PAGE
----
Neurons that can multitask greatly enhance the brain’s computational power, study finds.
Frank Urbanowski, who built the MIT Press into one of the world's largest and most successful university publishers during 27 years as its director, has announced his retirement as of Jan. 31, 2003.
Under Urbanowski's leadership, the MIT Press went from a $2.6 million-a-year operation with an annual list of 135 titles and four journals to more than $22 million a year with 220 titles and 37 journals. More than one million copies of books and journals bearing the MIT Press imprint are sold each year, 30 percent to export markets. During his tenure, the press published more than 4,000 original book titles and over 1,000 paperback reprints.
Urbanowski published a range of publications in key areas which reflected MIT's strengths, including architecture/arts, computer science and artificial intelligence, economics/finance, brain and cognitive science, neuroscience and environmental studies. Smaller but also important areas are technology studies, critical theory, social theory, and the history of science and technology.
"My favorite book projects were the first and the last," Urbanowski said. "The first was the 'Encyclopedic Dictionary of Mathematics,' a 6,000-page manuscript roughly translated from the Japanese that was gathering dust in a closet when I came to the press. The last on my list was 'Zen and the Brain,' a seemingly offbeat book which was rejected by many publishers before finding its way to the MIT Press, and which has received high scholarly praise and has become one of our ongoing bestsellers."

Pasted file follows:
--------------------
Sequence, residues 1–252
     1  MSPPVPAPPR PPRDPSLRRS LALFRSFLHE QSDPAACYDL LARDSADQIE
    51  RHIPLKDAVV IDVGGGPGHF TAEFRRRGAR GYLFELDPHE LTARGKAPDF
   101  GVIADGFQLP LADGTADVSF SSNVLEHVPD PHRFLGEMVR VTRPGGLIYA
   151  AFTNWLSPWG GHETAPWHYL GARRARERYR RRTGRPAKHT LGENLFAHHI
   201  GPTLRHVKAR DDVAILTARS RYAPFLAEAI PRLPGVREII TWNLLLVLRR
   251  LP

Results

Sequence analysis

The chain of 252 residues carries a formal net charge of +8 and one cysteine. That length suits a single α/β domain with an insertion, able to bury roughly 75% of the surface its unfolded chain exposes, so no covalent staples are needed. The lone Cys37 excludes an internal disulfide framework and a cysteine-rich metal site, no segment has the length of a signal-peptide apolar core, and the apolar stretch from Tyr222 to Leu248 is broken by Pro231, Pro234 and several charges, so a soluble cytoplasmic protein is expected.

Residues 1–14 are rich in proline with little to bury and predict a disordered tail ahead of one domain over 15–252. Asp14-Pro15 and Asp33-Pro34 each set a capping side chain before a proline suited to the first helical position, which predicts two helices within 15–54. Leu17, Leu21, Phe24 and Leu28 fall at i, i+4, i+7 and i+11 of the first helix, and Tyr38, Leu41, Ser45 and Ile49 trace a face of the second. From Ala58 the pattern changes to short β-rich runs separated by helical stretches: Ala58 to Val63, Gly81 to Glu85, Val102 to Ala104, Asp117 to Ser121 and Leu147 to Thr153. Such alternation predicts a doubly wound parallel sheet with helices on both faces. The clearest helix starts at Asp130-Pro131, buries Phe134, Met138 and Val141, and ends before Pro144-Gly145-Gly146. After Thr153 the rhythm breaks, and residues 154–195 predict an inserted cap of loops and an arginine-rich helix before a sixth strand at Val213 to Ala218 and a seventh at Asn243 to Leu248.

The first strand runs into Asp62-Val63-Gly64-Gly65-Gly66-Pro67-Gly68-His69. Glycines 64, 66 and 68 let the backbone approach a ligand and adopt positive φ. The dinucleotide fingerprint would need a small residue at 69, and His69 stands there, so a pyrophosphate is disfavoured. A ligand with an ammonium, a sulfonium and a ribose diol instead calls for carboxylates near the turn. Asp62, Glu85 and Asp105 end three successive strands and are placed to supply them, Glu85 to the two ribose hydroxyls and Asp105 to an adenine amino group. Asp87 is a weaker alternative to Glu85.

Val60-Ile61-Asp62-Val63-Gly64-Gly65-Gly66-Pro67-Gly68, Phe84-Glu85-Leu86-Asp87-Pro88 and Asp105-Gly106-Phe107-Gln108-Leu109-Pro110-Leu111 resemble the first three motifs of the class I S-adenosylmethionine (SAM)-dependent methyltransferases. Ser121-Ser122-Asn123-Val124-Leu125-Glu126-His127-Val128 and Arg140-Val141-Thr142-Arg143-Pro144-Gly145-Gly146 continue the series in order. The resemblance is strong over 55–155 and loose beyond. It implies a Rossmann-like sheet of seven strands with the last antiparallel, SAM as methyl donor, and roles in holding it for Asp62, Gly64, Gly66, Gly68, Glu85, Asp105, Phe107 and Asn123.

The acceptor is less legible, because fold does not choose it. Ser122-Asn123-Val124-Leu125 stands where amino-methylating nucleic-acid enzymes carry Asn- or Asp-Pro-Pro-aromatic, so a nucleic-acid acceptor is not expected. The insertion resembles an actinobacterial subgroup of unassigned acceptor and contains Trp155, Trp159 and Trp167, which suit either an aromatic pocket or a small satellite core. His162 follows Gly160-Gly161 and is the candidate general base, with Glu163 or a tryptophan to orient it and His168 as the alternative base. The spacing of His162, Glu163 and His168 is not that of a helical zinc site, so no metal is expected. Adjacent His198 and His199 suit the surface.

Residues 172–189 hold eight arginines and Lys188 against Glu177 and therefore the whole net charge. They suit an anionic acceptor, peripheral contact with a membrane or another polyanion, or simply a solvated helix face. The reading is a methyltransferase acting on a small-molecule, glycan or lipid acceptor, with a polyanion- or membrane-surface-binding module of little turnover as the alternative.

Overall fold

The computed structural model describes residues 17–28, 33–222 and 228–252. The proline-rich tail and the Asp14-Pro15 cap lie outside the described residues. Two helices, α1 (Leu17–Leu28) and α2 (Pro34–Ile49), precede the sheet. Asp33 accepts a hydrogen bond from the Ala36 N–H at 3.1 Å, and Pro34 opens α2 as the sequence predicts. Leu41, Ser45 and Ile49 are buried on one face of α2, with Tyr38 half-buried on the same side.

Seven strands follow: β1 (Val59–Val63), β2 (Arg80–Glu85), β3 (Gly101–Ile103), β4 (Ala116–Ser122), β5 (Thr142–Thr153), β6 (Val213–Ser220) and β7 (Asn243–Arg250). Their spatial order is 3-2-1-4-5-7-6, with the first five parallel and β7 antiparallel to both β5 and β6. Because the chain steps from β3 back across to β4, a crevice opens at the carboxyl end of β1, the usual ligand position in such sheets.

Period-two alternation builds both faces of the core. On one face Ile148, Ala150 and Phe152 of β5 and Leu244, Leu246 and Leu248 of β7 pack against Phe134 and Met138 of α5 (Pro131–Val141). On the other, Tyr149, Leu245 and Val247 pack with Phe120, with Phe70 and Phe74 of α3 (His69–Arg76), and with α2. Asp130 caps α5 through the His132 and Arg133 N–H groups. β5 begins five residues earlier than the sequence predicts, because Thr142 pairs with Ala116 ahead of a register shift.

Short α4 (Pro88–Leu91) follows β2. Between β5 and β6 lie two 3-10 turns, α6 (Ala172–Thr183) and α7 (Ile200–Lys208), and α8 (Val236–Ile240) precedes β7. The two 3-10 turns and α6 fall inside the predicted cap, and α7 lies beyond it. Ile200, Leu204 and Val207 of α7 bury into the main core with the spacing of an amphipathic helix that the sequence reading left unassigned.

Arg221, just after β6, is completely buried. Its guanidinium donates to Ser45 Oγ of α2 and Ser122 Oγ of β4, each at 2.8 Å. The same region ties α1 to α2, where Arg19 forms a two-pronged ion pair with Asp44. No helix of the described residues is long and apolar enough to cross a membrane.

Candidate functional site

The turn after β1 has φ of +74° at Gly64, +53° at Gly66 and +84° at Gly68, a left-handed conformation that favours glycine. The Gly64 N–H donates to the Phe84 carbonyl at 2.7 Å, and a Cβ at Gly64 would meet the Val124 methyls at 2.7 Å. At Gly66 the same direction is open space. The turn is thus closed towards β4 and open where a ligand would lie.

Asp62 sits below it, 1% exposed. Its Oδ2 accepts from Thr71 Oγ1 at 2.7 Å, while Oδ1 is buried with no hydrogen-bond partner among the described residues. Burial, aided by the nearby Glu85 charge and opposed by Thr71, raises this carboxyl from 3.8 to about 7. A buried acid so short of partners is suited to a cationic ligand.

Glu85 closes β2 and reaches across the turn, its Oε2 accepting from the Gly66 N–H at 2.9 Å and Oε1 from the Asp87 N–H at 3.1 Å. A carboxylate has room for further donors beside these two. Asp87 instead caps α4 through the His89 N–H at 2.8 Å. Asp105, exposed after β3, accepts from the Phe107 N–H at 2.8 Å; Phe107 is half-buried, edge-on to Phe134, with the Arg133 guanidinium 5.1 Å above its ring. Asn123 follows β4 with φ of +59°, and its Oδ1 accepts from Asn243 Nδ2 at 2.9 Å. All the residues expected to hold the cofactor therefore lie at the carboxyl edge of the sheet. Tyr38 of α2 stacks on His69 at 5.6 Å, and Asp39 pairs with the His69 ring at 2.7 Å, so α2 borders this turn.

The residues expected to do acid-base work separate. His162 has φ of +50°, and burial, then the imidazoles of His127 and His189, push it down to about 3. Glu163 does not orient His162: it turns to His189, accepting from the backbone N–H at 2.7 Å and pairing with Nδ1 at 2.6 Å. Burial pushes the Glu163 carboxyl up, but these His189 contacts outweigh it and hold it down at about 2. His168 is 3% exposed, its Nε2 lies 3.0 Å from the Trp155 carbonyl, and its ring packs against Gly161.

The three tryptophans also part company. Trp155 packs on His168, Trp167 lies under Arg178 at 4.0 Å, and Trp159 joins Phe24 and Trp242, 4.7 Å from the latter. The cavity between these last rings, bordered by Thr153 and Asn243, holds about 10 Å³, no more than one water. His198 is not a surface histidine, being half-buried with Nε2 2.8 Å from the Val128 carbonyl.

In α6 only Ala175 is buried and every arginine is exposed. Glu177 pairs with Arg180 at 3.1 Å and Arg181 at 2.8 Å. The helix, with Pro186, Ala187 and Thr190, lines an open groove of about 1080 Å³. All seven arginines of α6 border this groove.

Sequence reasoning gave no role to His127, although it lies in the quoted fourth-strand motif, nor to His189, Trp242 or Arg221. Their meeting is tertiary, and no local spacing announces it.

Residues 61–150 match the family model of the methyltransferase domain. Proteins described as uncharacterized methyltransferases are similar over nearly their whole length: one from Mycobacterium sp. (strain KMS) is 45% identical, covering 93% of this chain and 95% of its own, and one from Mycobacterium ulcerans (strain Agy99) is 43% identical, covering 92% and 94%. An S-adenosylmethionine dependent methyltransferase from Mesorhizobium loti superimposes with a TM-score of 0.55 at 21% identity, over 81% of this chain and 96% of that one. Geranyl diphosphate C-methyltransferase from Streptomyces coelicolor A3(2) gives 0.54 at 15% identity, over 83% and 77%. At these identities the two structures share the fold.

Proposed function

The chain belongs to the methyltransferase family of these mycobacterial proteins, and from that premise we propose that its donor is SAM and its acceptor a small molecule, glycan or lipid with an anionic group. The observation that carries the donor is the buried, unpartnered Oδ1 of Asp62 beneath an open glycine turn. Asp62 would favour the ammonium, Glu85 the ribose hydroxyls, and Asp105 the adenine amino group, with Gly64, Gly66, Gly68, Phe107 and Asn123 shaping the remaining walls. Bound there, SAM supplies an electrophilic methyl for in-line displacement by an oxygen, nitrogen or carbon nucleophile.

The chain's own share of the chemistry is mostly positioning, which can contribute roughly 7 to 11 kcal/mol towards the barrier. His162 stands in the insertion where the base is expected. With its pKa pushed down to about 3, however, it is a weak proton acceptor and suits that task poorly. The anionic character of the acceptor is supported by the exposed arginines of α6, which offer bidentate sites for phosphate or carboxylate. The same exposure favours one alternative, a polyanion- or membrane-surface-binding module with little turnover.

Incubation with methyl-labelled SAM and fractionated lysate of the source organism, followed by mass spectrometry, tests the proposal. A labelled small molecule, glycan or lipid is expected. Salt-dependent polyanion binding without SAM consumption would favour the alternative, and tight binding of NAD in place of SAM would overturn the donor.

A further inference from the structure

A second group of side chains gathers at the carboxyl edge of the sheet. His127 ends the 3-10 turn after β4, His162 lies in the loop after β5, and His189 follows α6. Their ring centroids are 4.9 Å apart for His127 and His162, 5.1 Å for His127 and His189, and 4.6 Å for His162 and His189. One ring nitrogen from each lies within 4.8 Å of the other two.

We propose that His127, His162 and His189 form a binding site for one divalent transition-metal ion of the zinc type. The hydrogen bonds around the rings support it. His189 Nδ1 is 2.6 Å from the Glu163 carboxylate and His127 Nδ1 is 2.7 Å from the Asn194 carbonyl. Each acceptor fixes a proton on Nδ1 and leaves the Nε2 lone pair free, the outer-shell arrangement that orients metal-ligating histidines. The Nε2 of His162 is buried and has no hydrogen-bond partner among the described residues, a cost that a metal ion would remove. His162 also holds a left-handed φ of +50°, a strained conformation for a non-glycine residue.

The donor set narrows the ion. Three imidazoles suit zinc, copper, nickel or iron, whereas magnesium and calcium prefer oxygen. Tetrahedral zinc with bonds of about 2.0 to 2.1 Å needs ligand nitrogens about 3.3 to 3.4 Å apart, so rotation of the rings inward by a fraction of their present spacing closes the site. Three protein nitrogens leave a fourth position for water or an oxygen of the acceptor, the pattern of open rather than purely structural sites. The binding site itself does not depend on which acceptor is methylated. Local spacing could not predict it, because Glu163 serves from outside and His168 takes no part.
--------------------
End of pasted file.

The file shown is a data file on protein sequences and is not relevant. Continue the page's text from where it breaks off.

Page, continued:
Urbanowski brought the MIT Press into the forefront of electronic innovation in the publishing industry. It received a matching grant from the Kresge Foundation in 1979 to create a typesetting operation built around a minicomputer; in the late 1980s, it developed a small desktop publishing operation and later full electronic processes. The MIT Press also brought up the first university press web site and produced the first electronic book, William Mitchell's "City of Bits," in 1994.
Later, the press established its Digital Projects Lab. One outcome of that has been the new electronic communities of CogNet and ArchNet. CogNet is now a fee-based program managed by the MIT Press Journals division and marketed primarily through site licenses. ArchNet, derived from CogNet technology, was designed and developed by the lab for the School of Architecture and Planning and the Aga Khan Program for Islamic Architecture (see MIT Tech Talk, Oct. 2).
Other highlights of Urbanowski's career were opening the MIT Press Bookstore in 1981, expanding the international marketing operation in London and establishing the Japanese office.
Urbanowski, a material science major at Virginia Tech, joined the college division at Macmillan Co. in New York in 1961 as an editor for science and engineering text books. In 1966 he became publisher at Glencoe Press, a new imprint division of Macmillan that focused on texts and curriculum materials for community colleges. After a brief stop at Educational Testing Service in Princeton, N.J., he joined the MIT Press as director in the summer of 1975.
Urbanowski looks forward to moving permanently to Middlebury, Vt., where he and his wife built a house in 1997. In addition to doing a lot of yard work, he'll keep his hand in publishing as a member of the board of directors and consultant for a number of publishers, including the University of California Press, Transaction Publishers, SUNY Press and the Massachusetts Continuing Legal Education Council.
A version of this article appeared in MIT Tech Talk on October 9, 2002.